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Federal National Mortgage Association v. City of Chicago

United States Court of Appeals, Seventh Circuit

October 30, 2017

Federal National Mortgage Association, et al., Plaintiffs-Appellees,
v.
City of Chicago, et al., Defendants-Appellants.

          Argued September 20, 2017

         Appeal from the United States District Court for the Northern District of Illinois, Eastern Division. No. 15 CV 9150 - Sara L. Ellis, Judge.

          Before Manion and Kanne, Circuit Judges, and Miller, District Judge. [*]

          KANNE, CIRCUIT JUDGE.

         In 2013, this court held that state and local taxing authorities could not charge the Federal National Mortgage Association, Federal Home Loan Mortgage Corporation, or Federal Housing Finance Agency with real estate transfer taxes, because such taxes are preempted by federal laws exempting these entities from all taxation. We must now determine whether the federal statutory exemptions apply when the transfer tax is charged to a private buyer who purchases real estate from one of the exempt federal entities. The district court concluded that, because the imposition of a transfer tax impacts the price the federal entities can charge for real property, the tax is unconstitutional regardless of who is required to pay it. Because this conclusion is contrary to the plain language of the tax exemption provisions, the judgment of the district court is reversed.

         I. Background

         The Federal National Mortgage Association ("Fannie Mae") and Federal Home Loan Mortgage Corporation ("Freddie Mac") are federally chartered, privately owned corporations. They were created by Congress to bolster the housing market by establishing a secondary mortgage market. In 2008, Fannie Mae and Freddie Mac were placed into conservatorship, and the Federal Housing Finance Agency (FHFA) was appointed as conservator. Fannie Mae and Freddie Mac generally carry out their mission by purchasing mortgages from third party lenders, bundling or pooling the mortgages, and then selling securities backed by the mortgages. When a borrower defaults, the mortgage-holding entity (Fannie Mae or Freddie Mac) forecloses and takes title to the real estate securing the loan. The mortgage-holding entity then sells the foreclosed property to a private buyer. Between August 2013 and December 2014, Amy Wettersten, Rama Group International, Inc., Angel Ramos, Barbara Ramos, and Veeral Patel ("the buyers") purchased real property in Chicago from Fannie Mae.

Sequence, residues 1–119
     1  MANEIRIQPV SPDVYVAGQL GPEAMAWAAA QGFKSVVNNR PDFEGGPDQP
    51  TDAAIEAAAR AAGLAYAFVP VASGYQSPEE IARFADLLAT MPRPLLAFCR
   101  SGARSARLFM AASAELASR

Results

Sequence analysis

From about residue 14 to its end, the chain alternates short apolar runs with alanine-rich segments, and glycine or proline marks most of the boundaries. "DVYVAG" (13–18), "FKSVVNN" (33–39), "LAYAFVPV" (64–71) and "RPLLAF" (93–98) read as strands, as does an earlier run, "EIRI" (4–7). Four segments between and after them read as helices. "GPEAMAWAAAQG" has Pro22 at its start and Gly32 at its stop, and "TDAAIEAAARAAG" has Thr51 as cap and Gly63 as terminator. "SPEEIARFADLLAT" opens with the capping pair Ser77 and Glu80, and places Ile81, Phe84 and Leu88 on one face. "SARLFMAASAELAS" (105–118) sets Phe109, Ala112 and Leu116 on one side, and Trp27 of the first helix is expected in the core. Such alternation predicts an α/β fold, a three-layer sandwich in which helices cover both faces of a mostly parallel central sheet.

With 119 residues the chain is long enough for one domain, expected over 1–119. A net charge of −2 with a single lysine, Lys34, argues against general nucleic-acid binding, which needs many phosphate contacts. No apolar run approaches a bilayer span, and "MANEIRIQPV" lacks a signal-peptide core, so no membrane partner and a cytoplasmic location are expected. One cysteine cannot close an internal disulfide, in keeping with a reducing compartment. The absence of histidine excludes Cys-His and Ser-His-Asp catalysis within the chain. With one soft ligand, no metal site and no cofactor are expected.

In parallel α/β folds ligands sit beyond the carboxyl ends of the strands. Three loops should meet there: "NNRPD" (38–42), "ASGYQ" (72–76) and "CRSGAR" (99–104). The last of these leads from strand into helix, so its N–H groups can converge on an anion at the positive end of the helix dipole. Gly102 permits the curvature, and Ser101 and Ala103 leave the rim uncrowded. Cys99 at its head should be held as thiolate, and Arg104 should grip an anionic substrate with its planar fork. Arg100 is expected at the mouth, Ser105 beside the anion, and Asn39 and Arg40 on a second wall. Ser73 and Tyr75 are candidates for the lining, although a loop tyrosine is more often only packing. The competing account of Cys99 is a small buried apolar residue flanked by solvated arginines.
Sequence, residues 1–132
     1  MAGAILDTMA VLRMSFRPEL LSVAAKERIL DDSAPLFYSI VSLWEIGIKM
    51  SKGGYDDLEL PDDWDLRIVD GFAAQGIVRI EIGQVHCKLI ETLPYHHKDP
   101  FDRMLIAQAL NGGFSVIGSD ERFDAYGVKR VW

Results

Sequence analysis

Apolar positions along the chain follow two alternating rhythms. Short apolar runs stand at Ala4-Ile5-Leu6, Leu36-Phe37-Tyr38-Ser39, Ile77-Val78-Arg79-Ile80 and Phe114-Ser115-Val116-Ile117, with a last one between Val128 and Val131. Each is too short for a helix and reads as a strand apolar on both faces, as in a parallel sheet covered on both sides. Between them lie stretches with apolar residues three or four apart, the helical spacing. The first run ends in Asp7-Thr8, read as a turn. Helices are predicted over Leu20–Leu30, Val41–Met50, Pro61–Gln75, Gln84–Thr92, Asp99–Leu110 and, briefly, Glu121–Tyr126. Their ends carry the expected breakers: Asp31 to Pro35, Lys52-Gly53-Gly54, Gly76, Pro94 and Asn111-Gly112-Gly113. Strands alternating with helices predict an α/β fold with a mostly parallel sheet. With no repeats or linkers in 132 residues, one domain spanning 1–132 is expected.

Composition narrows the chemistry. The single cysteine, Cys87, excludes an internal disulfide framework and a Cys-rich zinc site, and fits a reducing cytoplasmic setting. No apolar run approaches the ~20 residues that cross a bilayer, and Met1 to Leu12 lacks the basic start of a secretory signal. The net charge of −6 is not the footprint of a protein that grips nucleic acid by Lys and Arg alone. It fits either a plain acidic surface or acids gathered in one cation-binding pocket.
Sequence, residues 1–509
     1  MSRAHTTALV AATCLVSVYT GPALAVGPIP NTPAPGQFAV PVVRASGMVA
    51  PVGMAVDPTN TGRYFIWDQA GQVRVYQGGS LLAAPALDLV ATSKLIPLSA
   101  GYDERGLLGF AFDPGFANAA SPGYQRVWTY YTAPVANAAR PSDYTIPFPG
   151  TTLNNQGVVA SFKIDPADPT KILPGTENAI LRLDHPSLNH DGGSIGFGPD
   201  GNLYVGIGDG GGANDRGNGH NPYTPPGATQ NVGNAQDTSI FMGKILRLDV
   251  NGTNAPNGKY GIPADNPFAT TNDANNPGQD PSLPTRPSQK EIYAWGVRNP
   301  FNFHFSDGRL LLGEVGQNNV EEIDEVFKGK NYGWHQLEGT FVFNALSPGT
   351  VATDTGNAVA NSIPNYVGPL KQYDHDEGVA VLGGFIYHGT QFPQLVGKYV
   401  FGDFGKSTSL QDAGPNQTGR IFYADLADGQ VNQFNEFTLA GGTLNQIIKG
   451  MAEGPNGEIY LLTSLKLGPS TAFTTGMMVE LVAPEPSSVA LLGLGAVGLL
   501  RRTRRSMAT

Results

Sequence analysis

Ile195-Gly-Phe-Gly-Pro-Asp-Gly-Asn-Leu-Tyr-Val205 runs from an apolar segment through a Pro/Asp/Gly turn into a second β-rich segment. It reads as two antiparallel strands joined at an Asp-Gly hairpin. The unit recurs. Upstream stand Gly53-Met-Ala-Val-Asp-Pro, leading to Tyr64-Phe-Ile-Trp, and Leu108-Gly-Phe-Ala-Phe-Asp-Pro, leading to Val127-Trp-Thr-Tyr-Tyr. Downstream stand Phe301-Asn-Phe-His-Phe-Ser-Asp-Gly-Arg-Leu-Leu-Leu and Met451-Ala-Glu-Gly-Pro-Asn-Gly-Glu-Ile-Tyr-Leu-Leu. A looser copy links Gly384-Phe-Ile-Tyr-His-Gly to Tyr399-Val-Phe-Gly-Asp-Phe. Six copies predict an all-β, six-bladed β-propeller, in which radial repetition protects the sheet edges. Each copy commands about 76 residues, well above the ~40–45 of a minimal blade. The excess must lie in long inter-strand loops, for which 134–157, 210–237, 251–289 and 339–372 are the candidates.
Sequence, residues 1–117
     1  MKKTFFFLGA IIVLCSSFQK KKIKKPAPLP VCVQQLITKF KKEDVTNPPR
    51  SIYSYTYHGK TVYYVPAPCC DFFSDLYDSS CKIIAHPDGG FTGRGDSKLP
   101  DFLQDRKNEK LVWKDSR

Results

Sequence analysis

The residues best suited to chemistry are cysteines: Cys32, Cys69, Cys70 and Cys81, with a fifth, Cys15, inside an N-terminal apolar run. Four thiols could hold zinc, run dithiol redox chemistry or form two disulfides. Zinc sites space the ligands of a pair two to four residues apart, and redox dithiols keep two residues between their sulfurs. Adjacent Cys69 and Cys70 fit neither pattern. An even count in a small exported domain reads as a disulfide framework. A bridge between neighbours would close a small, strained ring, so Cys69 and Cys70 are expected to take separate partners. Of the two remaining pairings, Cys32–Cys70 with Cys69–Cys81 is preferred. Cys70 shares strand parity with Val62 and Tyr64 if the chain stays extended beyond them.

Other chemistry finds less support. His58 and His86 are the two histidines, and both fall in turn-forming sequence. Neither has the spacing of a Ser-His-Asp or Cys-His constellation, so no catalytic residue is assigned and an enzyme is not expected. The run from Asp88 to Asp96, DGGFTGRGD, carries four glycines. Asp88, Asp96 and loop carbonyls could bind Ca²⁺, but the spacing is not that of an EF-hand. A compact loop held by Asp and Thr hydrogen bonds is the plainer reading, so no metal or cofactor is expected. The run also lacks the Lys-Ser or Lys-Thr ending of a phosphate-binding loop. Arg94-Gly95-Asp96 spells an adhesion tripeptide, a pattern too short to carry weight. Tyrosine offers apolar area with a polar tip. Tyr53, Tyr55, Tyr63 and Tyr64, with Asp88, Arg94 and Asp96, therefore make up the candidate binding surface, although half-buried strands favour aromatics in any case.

The City of Chicago imposes a Real Property Transfer Tax on the transfer of real property located within Chicago. Chi., 111. Municipal Code § 3-33-030. The "primary incidence of the tax and the obligation to pay the tax are on the purchaser, grantee, assignee, or other transferee" of the property. Id. § 3-33-030(C). This is referred to as the "City portion" of the transfer tax. A supplemental tax, referred to as the "CTA portion" of the transfer tax, is to be paid by the transferor, unless the transferor is exempt by operation of state or federal law, in which case the transferee is held responsible for that portion of the tax as well. Id. § 3-33-030(F). The tax is due upon the earlier of the delivery or the recording of the instrument of transfer. Id. § 3-33-030(B)(1).